In­stru­men­tal in­qui­si­tion!

Gui­tar in­stru­men­tals have sup­plied some of mu­sic’s most evoca­tive mo­ments. We asked some top gui­tarists for their take on this iconic move­ment. This month: Ex-Dokken, Lynch Mob and Ul­tra­phonix gui­tarist, the great Ge­orge Lynch.

Guitar Techniques - - INTRO - The Ul­tra­phonix al­bum Orig­i­nal Hu­man Mu­sic is out now.

GT: What is it about gui­tar in­stru­men­tals that most ap­peals to you as a writer?

GL: Two things ; I like to hear gui­tar phras­ing that em­u­lates or takes the place of a melodic vo­cal line and two, it’s a chance to hear a gui­tarist stretch out in a way that they can’t in the con­text of a tra­di­tional vo­cal based ar­range­ment.

GT: What can an in­stru­men­tal pro­vide a lis­tener that a vo­cal song can’t?

GL: The gui­tar is so flex­i­ble by de­sign that in the cre­ative hands of a Beck or Hen­drix the sonic op­tions be­come al­most end­less. Even the best vo­cal­ists have to work within the phys­i­cal con­straints of the hu­man phys­i­ol­ogy. But still noth­ing com­pares to the emo­tive ca­pac­ity of the hu­man voice. I think the best other in­stru­ments can do is try and rein­ter­pret or em­u­late it.

GT: What are the ten­den­cies with in­stru­men­tals that you aim to em­brace or avoid (rhythms, har­mony, ap­proach, tones)?

GL: In­stru­men­tal mu­sic af­fords you the op­por­tu­nity and free­dom to em­brace ev­ery con­ceiv­able av­enue of ex­pres­sion . But with all that free­dom comes ‘op­tion anx­i­ety’ which re­quires a strong vi­sion of what it is you’re try­ing to say to make sense of all the op­tions.

GT: Is a typ­i­cal song struc­ture of in­tro, verse, cho­rus, verse, cho­rus, mid­dle, outro cho­rus al­ways rel­e­vant for an in­stru­men­tal?

GL: I think cer­tain ar­range­ment for­mu­las are sat­is­fy­ing to western ears and make a song eas­ier to di­gest . If I’m work­ing on a body of in­stru­men­tals I would prob­a­bly con­form to the ‘safe’ ar­range­ment for­mula on 50% of the record us­ing the gui­tar to mimic the vo­cal­ist ; then throw the rule book out for the other half of the record

GT: How use­ful is study­ing a vo­cal­ist’s ap­proach for cre­at­ing gui­tar melodies?

GL: I’m not sure how you would ‘study’ that. I think it’s im­por­tant and help­ful to be aware and ap­pre­ci­ate great his­toric vo­cal­ists; Aretha, Al Green, James Brown, Marvin Gaye, Otis Red­ding etc. Per­son­ally, I’m a lousy singer but I do hear the vo­cal sound­track in my head so es­sen­tially I’ve spent my life ‘singing’ through my gui­tar!

GT: How do you start writ­ing one; is there a typ­i­cal ap­proach or in­spi­ra­tion for you?

GL: I think the first or­der of busi­ness is to de­cide on a theme. When I wrote Mr. Scary I wanted to cre­ate a heavy metal ‘car­a­van’. That in­spi­ra­tion can come from lis­ten­ing to other mu­sic to spark an idea (oth­er­wise known as pla­gia­rism), smok­ing a joint, go­ing for a long ride on your mo­tor­cy­cle or a hike in the woods. Weirdly I’ve got­ten some of best ideas while tak­ing a

in­stru­men­tal mu­sic aff ords you the op­por­tu­nity to bust out all the toys and cre­ate sonic land­scapes

shower . I think I need to take more show­ers!

GT: What do you aim for when your per­for­mance is cen­tre stage for the du­ra­tion of the in­stru­men­tal?

GL: Va­ri­ety. Keep it in­ter­est­ing avoid­ing rep­e­ti­tion.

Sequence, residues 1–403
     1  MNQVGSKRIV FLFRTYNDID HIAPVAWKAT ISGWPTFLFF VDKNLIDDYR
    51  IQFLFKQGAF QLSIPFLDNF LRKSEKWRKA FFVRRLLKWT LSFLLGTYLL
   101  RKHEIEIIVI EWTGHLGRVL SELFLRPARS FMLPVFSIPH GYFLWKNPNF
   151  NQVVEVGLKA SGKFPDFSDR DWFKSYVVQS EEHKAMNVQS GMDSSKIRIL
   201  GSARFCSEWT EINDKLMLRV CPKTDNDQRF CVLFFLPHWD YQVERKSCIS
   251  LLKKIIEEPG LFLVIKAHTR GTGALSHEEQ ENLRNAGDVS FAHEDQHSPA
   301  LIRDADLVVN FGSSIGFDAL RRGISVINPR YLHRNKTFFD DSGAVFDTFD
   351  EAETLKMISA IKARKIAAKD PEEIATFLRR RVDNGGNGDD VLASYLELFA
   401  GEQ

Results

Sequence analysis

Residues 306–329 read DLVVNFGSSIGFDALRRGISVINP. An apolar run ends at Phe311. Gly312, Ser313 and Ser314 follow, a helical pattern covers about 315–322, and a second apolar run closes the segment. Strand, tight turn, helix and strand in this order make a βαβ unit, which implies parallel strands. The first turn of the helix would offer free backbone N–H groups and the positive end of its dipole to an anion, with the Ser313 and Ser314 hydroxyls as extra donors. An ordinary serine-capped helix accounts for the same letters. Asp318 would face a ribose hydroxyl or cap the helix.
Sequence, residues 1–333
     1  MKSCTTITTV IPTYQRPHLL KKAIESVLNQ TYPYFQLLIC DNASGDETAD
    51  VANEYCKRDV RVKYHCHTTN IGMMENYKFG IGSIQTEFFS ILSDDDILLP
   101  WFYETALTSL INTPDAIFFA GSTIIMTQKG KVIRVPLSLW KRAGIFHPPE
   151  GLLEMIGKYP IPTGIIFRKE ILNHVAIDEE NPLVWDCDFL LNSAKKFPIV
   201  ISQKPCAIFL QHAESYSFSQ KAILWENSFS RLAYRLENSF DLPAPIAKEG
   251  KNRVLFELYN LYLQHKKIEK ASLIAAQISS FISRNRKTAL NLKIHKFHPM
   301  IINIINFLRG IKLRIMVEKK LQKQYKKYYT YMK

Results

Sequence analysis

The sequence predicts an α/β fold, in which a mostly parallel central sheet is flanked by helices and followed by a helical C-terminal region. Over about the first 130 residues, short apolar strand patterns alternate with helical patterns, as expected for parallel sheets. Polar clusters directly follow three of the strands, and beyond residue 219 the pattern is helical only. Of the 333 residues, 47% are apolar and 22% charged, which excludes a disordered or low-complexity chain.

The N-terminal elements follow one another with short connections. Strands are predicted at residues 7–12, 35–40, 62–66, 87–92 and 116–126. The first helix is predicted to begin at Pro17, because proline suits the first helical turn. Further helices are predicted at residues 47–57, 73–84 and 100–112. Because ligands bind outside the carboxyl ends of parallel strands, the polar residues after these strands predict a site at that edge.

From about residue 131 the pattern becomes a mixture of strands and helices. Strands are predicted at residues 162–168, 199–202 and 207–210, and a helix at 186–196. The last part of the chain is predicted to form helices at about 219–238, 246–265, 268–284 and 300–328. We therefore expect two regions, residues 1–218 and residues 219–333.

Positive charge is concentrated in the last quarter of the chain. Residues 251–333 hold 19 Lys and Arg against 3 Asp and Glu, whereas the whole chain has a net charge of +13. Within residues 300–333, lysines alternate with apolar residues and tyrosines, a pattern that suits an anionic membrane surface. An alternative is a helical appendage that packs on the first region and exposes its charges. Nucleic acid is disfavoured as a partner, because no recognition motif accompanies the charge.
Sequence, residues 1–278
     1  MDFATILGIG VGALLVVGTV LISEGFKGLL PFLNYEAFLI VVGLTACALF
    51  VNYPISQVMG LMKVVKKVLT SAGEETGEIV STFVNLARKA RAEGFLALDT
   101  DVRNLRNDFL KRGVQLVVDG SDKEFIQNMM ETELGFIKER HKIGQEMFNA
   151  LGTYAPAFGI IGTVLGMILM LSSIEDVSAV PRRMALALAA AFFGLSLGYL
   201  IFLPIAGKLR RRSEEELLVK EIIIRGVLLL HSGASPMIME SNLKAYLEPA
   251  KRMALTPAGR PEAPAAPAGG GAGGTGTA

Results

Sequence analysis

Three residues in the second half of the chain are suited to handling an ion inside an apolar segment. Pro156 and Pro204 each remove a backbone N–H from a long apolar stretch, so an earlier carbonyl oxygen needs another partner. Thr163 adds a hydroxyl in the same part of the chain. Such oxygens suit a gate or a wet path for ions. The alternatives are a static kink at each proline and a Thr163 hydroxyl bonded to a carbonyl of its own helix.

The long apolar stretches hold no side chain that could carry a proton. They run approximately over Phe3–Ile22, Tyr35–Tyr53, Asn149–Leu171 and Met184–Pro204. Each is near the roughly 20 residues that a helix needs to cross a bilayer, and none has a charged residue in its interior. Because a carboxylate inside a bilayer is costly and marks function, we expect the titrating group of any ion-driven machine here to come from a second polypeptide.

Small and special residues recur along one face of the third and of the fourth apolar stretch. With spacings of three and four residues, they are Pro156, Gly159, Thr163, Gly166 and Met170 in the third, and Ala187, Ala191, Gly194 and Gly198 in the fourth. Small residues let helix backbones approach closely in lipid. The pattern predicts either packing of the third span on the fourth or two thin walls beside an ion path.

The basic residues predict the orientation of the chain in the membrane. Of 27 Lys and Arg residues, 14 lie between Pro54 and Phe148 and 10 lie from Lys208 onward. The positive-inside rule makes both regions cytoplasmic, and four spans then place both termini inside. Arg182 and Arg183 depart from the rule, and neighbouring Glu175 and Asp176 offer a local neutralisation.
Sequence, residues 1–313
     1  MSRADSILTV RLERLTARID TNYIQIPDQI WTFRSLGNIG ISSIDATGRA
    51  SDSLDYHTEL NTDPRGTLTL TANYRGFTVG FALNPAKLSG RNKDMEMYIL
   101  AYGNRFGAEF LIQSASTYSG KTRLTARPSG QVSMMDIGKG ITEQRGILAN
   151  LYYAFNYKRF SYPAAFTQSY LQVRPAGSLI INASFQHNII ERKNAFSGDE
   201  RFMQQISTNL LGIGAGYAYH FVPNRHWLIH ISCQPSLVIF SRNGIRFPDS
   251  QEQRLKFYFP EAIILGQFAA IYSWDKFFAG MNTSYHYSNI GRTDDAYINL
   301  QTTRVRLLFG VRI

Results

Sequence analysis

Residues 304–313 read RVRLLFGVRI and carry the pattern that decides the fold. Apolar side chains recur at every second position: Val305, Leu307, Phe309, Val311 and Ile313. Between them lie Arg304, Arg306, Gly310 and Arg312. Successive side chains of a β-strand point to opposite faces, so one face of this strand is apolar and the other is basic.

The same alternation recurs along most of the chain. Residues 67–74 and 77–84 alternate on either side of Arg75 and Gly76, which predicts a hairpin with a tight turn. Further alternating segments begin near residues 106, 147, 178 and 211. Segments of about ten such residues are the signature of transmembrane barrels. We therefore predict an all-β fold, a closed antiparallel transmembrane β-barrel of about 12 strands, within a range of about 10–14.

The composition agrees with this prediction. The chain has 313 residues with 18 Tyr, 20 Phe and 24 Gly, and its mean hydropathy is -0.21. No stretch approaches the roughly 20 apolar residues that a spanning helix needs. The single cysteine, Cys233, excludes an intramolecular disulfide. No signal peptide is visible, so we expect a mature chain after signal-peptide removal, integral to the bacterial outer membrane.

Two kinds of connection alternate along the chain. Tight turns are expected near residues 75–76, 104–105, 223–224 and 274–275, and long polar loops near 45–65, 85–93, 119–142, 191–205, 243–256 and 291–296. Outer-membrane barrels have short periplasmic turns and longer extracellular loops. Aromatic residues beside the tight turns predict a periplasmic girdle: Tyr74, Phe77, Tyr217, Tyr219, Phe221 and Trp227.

GT: Many vo­cal songs fea­ture a gui­tar solo that starts low and slow then fin­ishes high and fast. Is this struc­ture a use­ful re­flec­tion for in­stru­men­tal writ­ing, de­vel­op­ing pace and dy­nam­ics over the in­stru­men­tal’s du­ra­tion?

It’s a won­der­ful for­mula but chal­leng­ing to achieve. This kind of song­writ­ing re­quires a lot of fo­cus and dis­ci­pline.

GT: What type of gui­tar tone do you pre­fer for in­stru­men­tals?

GL: I think in­stru­men­tal mu­sic af­fords you the op­por­tu­nity to bust out all the toys and cre­ate sonic land­scapes . In­stru­men­tal records can take a lot more time be­cause you have all th­ese tonal op­tions which re­quire a lot of tone quest­ing and trial and er­ror.

GT: Do you have favourite keys or tem­pos to play or write in?

GL: Like most gui­tarists I gen­er­ally pre­fer to play in open keys that work with the gui­tar’s stan­dard tun­ing ; E, A , G or D. Be­cause of the way the in­stru­ment is de­signed there are a lot more op­tions when you can utilise the open strings in th­ese keys.

GT: Do you find mi­nor or ma­jor keys eas­ier to write in?

GL: I ac­tu­ally like writ­ing ar­range­ments or solo pas­sages that weave in and out of ma­jor and mi­nor mo­tifs to cre­ate a sort of ten­sion and re­lease

GT: Sim­i­larly, do you have any favourite modes?

GL: Lixomy­dian!

GT: What about mod­u­la­tions into new keys?

GL: To me, it sounds con­trived to mod­u­late a whole step or step and a half al­though I still use that de­vice out of habit. Find­ing those un­ex­pected mod­u­la­tion points that sound out­side the box are a chal­lenge but often the most sat­is­fy­ing.

GT: Do you view the back­ing band in a dif­fer­ent way you would on a vo­cal song?

GL: I usu­ally write from the per­spec­tive of the in­stru­men­tal track which will then dic­tate the vo­cal (or other in­stru­ment’s) melody.

GT: What are your views on har­mon­is­ing melodies? Do you like it or steer clear of it?

GL: I’m a fan of un­ortho­dox har­monies but at the same time I try and not over use that ef­fect. I usu­ally play in one gui­tar bands so gui­tar har­monies would be tough to pull off live.

GT: What three gui­tar in­stru­men­tals would you con­sider iconic or have in­spired you?

GL: ‘Cause We’ve Ended As Lovers, Jeff Beck; Car­a­van, Dizzy Gille­spie; Race With The Devil On Span­ish High­way, Al Di Me­ola.

Ul­tra­phonix: Ge­orge Lynch on gui­tar and Corey Glover on vo­cals

Ge­orge Lynch in Lynch Mob days

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